I’m bringing my career insight back to academia after a year at Google
I left Google in the summer after working as an analyst for a year. After I left, I posted a series of tweets sharing some of my thoughts on working in the private sector. The tweets went viral among academics – it seems many were interested in what I was bringing with me to the university world.
An astronomer by training, I joined Google’s anti-spam team from a postdoctoral position at the Swiss Federal Institute of Technology in Lausanne (EPFL). The work involved a review of suspicious activity in Google’s ad ecosystem. Some such activity is accidental, and some is intentional – when other advertisers click on ads to eat up their competitors’ budgets, for example. Whenever a client raised a valid concern, the team investigated the data with the goal of uncovering as much fraudulent activity as possible and preventing it in the future.
At the end of July, I left Google to start another postdoc at EPFL. One of the main reasons why I decided to return to academia was the desire to regain the independence I had lost in the private sector. There, you are ultimately hired to do a job, and in most cases your manager or senior staff defines what you do and how you do it. This can leave you with a job that you just aren’t excited about. But my time at Google has taught me valuable lessons that I want to share with others in academia.
Don’t be a hero
This is one of the most important lessons I take with me. If a task can only be completed by putting your mental and even physical health at risk, you are effectively hiding flaws in the system. If you consistently work longer than the contracted hours or duties, these deficiencies will not be detected and will remain uncorrected. Google promotes this “don’t be a hero” mindset.
Collection: Scientific data
During my first week, for example, I was diving into a huge spam thread to get ready for work and working late into the night. My manager, who was in a different time zone, saw me online and suggested I make an appointment. This brief interaction set different expectations than I was used to; in academia, my working hours often exceeded normal working hours.
As a counterexample from the academic world, I know of a part-time administrative position in a student organization that was paid as 40% full time. The incumbent worked for several years without problems, managing the affairs of the secretary of a large student organization at the university. Under normal circumstances, the workload was manageable, but one year there was an internal reorganization that increased the workload, along with an additional project that required a lot of time and energy. Within a year, the workload became much more than one part-time person could handle. They stepped up, working well beyond their contract hours, behaving like heroes and enduring constant stress for long periods of time. This resulted in a burnout and they eventually withdrew from the position.
The system was repaired only after this happened and the person discovered increased pressure and strain. Now the role is 80% of the job. The lesson here is: do a good job, but if it’s too much to handle, speak up instead of trying to hold on, especially in times of crisis. Only in this way can systemic problems be solved.
You are responsible for your career
This applies to both the private sector and the academic community. I was actively reminded of this fact by my colleagues and managers at Google, but in academic circles the reminders are not so present.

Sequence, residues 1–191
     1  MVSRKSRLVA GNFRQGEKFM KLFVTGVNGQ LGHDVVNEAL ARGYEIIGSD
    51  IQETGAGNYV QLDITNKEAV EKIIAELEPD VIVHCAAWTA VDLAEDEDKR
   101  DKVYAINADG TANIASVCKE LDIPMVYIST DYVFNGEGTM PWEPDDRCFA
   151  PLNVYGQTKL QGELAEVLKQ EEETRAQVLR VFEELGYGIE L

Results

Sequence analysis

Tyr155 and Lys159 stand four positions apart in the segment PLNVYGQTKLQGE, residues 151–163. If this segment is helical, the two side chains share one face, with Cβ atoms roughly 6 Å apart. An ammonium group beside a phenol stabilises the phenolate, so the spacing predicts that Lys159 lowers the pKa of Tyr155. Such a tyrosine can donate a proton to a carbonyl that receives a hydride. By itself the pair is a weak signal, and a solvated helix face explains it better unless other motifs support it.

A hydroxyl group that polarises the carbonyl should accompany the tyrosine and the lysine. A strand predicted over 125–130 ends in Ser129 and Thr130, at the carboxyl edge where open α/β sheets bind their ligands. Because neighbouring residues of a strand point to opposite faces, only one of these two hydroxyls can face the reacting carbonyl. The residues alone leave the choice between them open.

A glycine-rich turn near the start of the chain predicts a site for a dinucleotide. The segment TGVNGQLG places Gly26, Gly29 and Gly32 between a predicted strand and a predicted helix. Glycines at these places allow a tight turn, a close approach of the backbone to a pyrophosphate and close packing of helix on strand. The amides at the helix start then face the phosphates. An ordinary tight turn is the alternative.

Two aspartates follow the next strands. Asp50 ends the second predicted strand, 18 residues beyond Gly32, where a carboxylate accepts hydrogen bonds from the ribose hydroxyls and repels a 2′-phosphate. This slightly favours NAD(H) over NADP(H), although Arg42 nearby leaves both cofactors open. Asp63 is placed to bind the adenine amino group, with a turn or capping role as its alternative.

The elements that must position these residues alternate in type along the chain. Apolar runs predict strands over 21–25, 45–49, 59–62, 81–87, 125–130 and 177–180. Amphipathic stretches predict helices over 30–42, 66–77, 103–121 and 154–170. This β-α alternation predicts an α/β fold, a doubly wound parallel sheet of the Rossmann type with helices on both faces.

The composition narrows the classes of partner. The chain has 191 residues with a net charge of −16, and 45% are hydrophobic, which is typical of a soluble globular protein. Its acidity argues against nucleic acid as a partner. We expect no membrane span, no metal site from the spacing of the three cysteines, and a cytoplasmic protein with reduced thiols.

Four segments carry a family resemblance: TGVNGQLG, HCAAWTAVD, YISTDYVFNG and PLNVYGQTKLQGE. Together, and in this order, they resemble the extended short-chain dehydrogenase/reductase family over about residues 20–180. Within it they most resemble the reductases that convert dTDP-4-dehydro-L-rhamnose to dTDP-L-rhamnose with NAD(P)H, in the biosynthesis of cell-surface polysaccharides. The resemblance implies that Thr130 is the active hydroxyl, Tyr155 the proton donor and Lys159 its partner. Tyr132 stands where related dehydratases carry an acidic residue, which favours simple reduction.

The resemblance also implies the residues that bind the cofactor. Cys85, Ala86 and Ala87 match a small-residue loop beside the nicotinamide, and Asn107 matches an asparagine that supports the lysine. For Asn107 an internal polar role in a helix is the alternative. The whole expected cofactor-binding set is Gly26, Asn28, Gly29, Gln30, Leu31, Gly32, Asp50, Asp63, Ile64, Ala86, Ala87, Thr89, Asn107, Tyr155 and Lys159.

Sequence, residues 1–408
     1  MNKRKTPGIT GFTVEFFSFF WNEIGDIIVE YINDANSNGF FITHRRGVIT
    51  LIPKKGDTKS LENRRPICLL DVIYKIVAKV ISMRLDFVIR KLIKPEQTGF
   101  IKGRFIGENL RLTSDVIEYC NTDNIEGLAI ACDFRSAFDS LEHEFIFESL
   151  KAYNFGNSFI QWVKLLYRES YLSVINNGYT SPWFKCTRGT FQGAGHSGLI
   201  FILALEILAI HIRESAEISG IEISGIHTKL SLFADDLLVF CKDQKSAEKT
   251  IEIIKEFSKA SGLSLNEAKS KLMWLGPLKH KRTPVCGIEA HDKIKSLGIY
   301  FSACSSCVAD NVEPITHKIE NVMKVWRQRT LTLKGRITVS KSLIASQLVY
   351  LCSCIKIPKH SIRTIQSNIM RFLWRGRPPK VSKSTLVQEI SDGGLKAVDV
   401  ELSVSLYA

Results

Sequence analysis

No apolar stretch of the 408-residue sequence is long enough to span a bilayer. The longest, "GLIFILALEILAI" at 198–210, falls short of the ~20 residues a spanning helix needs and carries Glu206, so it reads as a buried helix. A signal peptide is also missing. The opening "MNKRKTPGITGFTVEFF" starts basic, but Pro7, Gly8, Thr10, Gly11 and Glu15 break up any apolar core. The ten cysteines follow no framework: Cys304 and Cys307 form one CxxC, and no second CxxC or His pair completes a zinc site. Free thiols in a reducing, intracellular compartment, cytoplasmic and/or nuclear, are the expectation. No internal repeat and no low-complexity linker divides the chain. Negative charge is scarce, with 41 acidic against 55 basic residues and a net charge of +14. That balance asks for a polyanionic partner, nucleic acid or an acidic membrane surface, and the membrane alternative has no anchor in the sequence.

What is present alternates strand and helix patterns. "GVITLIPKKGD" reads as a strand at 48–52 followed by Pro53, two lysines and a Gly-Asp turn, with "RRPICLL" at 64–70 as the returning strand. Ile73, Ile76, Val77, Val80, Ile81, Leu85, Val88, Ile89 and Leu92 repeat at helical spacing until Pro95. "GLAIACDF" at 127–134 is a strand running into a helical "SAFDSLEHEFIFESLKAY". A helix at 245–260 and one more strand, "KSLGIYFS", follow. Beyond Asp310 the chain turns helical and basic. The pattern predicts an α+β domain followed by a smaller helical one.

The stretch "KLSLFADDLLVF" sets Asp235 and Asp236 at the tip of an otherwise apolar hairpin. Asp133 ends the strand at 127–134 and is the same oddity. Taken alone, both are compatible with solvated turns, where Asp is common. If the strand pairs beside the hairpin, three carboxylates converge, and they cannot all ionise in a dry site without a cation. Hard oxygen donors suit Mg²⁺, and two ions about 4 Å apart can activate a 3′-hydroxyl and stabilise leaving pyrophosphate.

When I left academia to join Google, my biggest struggle was the idea that other people—especially those in my immediate scientific environment—would judge me and think badly of me, especially my boss, who spent time and energy to bring me to the institute in the first place. But if you put other people’s interests before your own, you won’t be in control of your career. I made the choice I thought was right for me.
When I rejoined EPFL, I almost apologized to a senior professor, saying that I was back and ready to start working at the institute again. He was not even aware that I had been gone for a year. I was so worried about what my colleagues at the institute would think of me, but people keep coming and going.
Academics are highly trained
I always thought that as an astronomer I would have a hard time finding a job outside of university.
You don’t see many advertisements for astronomer jobs in the private sector. However, I found that the years I spent writing data analysis code; discussing the great unknowns in the Universe; presenting my research to a wide audience; and writing research articles and grant proposals has shaped skills that are in high demand outside academia. I realized that these skills qualified me for roles such as data scientist or software engineer, in sectors as diverse as information technology, banking and life sciences. There is actually a shortage of talent in these sectors, but to take advantage of it you need to know how to sell your skills.
If you write in your job application that you’ve published seven peer-reviewed articles, you’re likely to earn blank stares from recruiters rather than invitations to interviews. But making it clear that you managed a research project from start to finish—working with various stakeholders (peers, reviewers, and editors), scheduling meetings, documenting efforts, and bringing the project to a successful conclusion—highlights many sought-after skills. Now I know that when my current postdoctoral contract ends, if I don’t find anything in academia, the doors to the private sector are wide open for academics like me.
This is an article from the Nature Careers Community, a place for Nature readers to share their professional experiences and advice. Guest posts are encouraged.
The author declares that he has no conflicting interests.
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